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fighting for adventurous documentary making

matthew clayfield: interview, tom zubrycki & richard harris

director Amiel Courtin-Wilson and Jack Charles, Bastardy director Amiel Courtin-Wilson and Jack Charles, Bastardy
photo Adam Arkapaw

“At the ABC and SBS,” Zubrycki warned in his acceptance speech, “documentary slots are becoming more prescribed and rigid. Programs are tending to be format-driven and lighter in content. The range of subjects, viewpoints and ideas hitting our screens is narrowing.”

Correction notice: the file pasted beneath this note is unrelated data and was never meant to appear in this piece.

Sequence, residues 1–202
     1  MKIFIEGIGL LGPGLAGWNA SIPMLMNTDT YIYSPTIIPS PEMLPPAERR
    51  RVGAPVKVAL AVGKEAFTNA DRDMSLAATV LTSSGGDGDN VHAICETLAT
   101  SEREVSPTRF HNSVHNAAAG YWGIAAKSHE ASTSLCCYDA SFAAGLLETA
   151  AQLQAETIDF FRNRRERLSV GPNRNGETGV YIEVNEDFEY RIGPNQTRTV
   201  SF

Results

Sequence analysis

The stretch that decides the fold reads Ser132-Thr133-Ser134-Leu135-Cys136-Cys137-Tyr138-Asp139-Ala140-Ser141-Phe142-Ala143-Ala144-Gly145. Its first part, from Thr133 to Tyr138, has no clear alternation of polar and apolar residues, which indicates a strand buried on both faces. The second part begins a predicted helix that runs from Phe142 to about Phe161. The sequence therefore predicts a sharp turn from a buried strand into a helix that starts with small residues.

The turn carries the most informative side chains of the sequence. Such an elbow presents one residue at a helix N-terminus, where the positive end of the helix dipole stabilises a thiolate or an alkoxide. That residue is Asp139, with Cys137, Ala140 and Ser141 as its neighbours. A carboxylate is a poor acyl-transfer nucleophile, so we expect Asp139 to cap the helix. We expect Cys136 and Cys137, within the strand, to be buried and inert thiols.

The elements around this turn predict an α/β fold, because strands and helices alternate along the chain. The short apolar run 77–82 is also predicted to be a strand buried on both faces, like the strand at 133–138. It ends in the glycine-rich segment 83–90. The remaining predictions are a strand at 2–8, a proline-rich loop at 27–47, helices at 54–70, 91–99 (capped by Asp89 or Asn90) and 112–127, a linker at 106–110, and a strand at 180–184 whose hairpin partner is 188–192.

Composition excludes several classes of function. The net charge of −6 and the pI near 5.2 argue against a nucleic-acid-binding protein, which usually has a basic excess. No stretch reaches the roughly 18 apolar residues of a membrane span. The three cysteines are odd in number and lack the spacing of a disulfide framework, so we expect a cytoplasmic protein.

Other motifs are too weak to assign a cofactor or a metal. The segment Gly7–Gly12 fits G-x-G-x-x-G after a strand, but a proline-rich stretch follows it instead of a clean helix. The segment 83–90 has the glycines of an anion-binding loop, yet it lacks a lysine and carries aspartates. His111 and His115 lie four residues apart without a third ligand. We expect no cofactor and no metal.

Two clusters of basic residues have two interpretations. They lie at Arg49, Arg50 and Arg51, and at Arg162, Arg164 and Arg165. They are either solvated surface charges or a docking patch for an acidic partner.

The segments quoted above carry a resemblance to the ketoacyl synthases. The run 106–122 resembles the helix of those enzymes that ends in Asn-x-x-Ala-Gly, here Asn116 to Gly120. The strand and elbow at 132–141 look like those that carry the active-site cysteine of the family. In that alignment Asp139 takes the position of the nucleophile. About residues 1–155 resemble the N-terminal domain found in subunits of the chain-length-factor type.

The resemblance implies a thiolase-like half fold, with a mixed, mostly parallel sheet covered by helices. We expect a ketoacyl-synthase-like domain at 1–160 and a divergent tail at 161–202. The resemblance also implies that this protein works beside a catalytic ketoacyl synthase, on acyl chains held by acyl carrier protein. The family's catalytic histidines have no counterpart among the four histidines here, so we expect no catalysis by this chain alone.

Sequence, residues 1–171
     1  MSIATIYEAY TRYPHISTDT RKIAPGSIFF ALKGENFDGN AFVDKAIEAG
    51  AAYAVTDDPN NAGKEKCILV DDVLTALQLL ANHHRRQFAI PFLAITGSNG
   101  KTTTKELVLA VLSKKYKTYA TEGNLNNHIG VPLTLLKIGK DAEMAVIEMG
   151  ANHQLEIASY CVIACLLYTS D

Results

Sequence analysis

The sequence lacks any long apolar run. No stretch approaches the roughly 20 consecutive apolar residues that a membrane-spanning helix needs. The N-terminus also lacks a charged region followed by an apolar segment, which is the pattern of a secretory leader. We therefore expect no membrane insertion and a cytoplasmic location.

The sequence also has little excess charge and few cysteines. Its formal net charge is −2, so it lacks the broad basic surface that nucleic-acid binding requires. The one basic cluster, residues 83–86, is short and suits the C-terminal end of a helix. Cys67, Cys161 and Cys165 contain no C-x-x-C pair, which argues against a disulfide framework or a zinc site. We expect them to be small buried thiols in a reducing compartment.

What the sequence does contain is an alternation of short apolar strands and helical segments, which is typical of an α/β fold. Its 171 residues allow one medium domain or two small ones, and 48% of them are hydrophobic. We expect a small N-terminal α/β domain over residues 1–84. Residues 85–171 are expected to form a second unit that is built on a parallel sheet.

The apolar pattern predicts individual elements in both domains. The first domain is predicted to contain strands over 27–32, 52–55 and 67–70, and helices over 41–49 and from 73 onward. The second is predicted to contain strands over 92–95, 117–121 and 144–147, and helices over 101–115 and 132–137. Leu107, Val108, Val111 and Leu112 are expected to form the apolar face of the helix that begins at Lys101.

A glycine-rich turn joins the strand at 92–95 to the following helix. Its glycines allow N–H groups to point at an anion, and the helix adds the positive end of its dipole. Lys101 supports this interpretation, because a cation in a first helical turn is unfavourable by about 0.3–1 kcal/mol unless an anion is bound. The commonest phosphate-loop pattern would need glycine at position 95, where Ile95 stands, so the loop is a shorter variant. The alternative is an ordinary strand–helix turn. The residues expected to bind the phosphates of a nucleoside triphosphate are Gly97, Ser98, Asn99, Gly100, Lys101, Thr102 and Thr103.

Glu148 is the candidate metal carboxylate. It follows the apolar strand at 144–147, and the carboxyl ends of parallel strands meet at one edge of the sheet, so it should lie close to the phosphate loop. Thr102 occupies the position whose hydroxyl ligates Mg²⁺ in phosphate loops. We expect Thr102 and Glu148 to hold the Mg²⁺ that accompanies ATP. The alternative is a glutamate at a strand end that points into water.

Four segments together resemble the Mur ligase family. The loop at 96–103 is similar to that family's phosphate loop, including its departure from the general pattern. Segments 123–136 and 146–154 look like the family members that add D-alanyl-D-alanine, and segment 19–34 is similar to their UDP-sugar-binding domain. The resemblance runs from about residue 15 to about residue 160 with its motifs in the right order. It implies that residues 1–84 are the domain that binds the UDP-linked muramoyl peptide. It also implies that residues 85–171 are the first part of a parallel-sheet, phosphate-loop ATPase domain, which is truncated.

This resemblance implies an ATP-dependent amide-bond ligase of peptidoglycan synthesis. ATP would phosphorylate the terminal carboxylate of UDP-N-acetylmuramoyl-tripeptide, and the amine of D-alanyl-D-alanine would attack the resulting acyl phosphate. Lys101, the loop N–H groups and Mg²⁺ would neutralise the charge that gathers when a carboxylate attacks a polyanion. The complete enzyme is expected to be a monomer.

An independent filmmaker for over 25 years, Zubrycki accused the public broadcasters of exerting too much influence on the style and substance of the documentaries being made in Australia, as well as making programming decisions that ultimately stymied emerging filmmakers at the expense of those already established. “Don’t get me wrong,” he said. “We are pleased public broadcasters are commissioning our ideas. But is this concentration of decision-making good for the industry? For diversity?”